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Finding mercy with, without technology

Continuing on the theme of mercy, I’d like to again focus on some concrete ways we can incorporate mercy in our lives.

In this Easter season, we want to focus on Jesus and the new life he provides, a life that should foster a habit of living mercy. As I wrote a couple months ago, "living mercy cannot just be a slogan for the Christian. It must be how we live because it is how Jesus himself told us to live."

Pope Francis recommended Pope St. John Paul II’s document on mercy, "Dives in Misericordia," in which we read that mercy has been removed "from the human heart" in our modern day because, "thanks to the enormous development of science and technology, … [man] has become the master of the earth and has subdued and dominated it." There is a lot to unpack in this one thought from St. John Paul II.

All of us depend on God and his grace to be happy. Whether we live in the developed world or the developing world, we all need Christ to reveal to us how best to be ourselves. We need the Lord in our lives to be truly happy. The first danger of technology, then, is that it can distract us enough from our deep unhappiness to the point we don’t notice it and so fool ourselves into thinking we don’t need God.

What’s more, the Holy Father is saying that the more we feel like we’re in control of our lives, the less likely we are to be merciful to others. This is because the illusion of control in our lives makes it easier to label another’s hardship as the result of their bad choices. Therefore, we become less likely to sympathize and show mercy. Technology can be used for good, but it can also get in the way of building a habit of mercy.

Let us think about the specific technology of the Internet and social media. Nearly everyone agrees that with the rise of blogs and social media, we have seen a precipitous decline in the mercy we pay to one another online. Our little, hand-held screens facilitate our distance from actual human beings more than they bring us closer.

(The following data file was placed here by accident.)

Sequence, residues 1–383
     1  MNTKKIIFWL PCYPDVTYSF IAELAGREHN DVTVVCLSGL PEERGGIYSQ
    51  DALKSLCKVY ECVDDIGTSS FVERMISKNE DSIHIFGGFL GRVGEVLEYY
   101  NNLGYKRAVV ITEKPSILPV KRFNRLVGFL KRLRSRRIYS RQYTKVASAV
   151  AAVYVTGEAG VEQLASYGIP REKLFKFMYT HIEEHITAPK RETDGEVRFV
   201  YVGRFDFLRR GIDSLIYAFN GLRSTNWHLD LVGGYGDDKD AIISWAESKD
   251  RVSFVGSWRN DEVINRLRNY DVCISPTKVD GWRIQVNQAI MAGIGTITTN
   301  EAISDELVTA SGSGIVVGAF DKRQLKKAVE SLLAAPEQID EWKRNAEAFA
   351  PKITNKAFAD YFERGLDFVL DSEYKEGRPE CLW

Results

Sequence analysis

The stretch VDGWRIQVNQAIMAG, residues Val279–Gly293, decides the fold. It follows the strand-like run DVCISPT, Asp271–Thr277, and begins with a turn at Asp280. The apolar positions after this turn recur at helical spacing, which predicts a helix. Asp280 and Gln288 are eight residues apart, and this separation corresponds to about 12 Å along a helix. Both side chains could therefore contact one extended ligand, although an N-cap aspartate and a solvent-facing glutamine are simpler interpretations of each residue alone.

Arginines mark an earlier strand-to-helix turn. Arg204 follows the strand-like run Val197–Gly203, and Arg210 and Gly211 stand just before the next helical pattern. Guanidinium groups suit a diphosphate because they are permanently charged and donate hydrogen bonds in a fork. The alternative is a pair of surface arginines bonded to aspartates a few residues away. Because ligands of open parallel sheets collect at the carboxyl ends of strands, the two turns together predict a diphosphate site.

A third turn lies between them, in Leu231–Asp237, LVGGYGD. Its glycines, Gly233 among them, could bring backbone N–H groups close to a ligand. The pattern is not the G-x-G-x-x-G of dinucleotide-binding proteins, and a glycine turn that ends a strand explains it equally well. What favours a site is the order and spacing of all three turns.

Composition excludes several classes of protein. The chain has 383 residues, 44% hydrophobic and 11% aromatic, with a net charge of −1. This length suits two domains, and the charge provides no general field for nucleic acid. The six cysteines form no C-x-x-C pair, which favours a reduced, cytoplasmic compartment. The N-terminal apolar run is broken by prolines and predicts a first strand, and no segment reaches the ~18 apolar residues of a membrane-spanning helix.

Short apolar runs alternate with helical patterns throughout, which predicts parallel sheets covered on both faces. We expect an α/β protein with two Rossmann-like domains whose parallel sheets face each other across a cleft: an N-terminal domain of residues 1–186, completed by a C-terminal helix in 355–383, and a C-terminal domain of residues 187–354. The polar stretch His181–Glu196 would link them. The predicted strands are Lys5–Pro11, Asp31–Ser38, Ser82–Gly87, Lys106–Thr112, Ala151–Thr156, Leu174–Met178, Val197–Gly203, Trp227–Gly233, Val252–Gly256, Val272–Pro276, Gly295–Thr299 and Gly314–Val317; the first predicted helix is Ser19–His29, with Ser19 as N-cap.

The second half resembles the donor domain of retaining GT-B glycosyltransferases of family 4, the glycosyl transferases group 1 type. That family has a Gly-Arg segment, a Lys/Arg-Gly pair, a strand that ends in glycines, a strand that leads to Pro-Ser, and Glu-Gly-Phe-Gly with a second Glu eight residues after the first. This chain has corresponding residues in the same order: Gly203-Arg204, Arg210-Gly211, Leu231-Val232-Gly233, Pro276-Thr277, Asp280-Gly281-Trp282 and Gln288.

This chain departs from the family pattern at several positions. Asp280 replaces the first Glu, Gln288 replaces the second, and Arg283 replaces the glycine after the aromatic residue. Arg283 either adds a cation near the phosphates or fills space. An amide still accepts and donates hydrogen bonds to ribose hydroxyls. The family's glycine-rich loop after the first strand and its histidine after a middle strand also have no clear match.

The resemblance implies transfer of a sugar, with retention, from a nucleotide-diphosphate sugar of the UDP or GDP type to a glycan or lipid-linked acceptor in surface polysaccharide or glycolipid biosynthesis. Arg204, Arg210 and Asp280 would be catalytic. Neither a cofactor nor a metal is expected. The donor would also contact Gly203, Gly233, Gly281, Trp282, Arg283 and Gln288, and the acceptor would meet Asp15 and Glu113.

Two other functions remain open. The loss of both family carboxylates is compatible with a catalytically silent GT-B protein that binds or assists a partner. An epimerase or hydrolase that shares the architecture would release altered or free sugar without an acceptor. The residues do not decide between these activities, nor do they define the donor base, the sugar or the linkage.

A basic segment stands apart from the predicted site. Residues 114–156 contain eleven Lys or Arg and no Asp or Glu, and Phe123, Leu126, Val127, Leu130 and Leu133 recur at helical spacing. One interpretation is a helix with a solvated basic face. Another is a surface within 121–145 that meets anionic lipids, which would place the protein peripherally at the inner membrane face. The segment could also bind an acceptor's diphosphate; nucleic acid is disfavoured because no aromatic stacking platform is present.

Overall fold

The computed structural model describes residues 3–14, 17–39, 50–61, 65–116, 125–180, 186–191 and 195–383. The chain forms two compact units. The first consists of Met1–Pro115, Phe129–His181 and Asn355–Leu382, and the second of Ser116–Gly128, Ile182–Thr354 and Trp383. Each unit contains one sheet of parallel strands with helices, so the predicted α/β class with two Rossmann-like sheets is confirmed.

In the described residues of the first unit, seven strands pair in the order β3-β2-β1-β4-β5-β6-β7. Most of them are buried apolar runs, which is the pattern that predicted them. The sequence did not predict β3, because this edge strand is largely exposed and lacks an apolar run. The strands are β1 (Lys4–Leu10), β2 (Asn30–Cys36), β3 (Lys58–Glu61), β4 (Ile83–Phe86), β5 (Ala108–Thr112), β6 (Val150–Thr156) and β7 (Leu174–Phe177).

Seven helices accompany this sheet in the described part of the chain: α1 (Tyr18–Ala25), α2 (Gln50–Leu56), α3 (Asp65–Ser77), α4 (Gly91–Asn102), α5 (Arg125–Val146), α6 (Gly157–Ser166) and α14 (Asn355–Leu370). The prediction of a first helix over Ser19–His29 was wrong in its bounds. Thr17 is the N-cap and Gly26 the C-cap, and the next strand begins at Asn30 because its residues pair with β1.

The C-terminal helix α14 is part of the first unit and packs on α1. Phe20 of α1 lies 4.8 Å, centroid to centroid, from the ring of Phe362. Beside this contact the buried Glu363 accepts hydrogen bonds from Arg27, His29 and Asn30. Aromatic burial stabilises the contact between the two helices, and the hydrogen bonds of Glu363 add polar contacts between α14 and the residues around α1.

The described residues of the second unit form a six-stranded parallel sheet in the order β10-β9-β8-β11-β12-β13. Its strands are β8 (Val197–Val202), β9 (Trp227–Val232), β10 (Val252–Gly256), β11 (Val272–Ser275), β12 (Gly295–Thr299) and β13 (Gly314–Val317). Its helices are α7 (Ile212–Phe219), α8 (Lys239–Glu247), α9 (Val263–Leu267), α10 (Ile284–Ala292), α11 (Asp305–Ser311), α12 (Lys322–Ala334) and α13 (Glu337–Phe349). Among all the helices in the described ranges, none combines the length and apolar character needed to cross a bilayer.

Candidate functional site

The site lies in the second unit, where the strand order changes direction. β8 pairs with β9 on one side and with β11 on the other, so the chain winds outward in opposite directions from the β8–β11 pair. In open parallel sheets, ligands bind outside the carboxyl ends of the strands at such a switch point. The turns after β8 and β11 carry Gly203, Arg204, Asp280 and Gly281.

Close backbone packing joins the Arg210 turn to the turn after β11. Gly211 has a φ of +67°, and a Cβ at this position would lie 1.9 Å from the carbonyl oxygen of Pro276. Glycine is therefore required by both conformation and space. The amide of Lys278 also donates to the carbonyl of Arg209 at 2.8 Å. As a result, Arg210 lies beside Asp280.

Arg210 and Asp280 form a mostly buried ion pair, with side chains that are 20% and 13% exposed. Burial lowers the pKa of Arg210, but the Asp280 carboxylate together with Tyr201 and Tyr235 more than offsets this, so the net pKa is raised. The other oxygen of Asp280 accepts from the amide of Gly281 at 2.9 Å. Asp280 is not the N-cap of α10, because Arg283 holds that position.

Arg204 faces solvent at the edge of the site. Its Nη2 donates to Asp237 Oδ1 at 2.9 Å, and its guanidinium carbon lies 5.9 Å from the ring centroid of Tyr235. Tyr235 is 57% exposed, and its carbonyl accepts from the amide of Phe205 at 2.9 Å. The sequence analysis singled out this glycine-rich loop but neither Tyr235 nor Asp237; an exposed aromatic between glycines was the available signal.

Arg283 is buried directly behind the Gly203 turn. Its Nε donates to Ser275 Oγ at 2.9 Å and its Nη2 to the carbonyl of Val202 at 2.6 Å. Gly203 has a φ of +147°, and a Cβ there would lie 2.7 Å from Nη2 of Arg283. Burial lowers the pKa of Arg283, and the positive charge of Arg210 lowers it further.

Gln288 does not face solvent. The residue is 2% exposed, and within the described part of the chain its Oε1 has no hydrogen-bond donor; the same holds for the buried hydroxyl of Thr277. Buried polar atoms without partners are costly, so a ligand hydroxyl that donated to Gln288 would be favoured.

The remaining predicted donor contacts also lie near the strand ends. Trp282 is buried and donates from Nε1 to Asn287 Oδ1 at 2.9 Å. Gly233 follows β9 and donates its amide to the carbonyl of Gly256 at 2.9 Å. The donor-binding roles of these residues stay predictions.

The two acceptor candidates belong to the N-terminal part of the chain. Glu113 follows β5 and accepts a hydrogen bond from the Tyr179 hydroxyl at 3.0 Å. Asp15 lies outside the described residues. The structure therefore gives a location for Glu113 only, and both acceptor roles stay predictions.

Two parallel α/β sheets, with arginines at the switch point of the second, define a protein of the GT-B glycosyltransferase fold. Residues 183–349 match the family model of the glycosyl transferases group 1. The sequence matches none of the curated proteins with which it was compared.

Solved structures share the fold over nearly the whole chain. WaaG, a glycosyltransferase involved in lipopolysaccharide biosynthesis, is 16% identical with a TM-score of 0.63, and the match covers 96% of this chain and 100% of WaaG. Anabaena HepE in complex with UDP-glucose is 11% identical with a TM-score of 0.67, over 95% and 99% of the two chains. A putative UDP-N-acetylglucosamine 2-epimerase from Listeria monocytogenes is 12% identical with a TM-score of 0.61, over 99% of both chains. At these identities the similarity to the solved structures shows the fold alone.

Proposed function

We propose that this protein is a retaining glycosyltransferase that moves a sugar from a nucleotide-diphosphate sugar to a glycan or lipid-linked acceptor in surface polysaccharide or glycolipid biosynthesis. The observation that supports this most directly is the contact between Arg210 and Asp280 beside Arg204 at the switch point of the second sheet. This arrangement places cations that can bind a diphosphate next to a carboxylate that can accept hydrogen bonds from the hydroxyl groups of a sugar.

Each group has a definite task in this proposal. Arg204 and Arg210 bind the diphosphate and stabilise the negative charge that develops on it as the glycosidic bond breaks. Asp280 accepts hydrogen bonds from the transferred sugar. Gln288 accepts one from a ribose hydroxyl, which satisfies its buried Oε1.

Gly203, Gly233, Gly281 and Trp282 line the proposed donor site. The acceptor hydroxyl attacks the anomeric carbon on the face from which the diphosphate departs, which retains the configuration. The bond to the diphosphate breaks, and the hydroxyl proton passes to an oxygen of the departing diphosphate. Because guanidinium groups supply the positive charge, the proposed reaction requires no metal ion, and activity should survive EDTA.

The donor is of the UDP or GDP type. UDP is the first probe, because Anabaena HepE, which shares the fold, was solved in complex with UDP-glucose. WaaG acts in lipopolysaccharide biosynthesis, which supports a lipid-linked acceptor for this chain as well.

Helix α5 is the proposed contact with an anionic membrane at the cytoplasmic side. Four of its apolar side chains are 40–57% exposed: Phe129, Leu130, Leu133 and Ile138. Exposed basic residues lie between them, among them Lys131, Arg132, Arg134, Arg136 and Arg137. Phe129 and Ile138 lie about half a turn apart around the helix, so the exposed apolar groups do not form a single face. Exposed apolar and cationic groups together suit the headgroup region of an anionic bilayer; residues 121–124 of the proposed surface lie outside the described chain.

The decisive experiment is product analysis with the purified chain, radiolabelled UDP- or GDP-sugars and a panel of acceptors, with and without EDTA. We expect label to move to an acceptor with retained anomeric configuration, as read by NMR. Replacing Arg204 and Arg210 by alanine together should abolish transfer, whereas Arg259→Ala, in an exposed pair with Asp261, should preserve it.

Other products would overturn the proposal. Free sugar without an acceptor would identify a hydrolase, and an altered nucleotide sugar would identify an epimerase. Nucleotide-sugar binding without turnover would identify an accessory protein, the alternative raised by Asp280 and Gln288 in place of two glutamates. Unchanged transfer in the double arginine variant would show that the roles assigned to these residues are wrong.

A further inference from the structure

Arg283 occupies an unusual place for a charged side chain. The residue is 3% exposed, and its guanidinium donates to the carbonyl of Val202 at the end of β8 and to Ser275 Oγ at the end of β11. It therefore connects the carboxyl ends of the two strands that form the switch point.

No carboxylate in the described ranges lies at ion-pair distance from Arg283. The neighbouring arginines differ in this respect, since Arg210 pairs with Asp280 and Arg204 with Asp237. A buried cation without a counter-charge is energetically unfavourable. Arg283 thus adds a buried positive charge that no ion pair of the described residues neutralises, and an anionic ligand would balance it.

This has produced a remarkable willingness on social media to blast our ideological opponents before we ever really try to engage them. The result has been an ever-increasing segregation toward those voices we want to hear. It has become easier to pass on false narratives that confirm us in our own prejudices but don’t advance the whole truth. Meanwhile, our youth struggle to know how to truly engage with others.

So what can we do? I recommend being intentional about certain forms of behavior when it comes to technology, especially the hand-held kind. Practicing a culture of encounter by focusing on the other in the moment is a way to practice living mercy. So in conversation, especially at a meal, put the phone away. Do not make others wonder if you’re even listening because you are checking a text from someone not there.

When engaged in social media, be careful about what you post. Ask whether you are advancing a culture of mercy or adding to the cacophony of anger. Take the time to pray before you post, before you comment.

Finally, make an effort to encourage the good. Celebrate life, faith, love and mercy through social media. That, too, can help increase the experience of mercy in the world and can help bring Easter alive.

 

Omar Gutierrez is manager of the archdiocesan Office of Missions and Justice. Contact him at ofgutierrez@archomaha.org.

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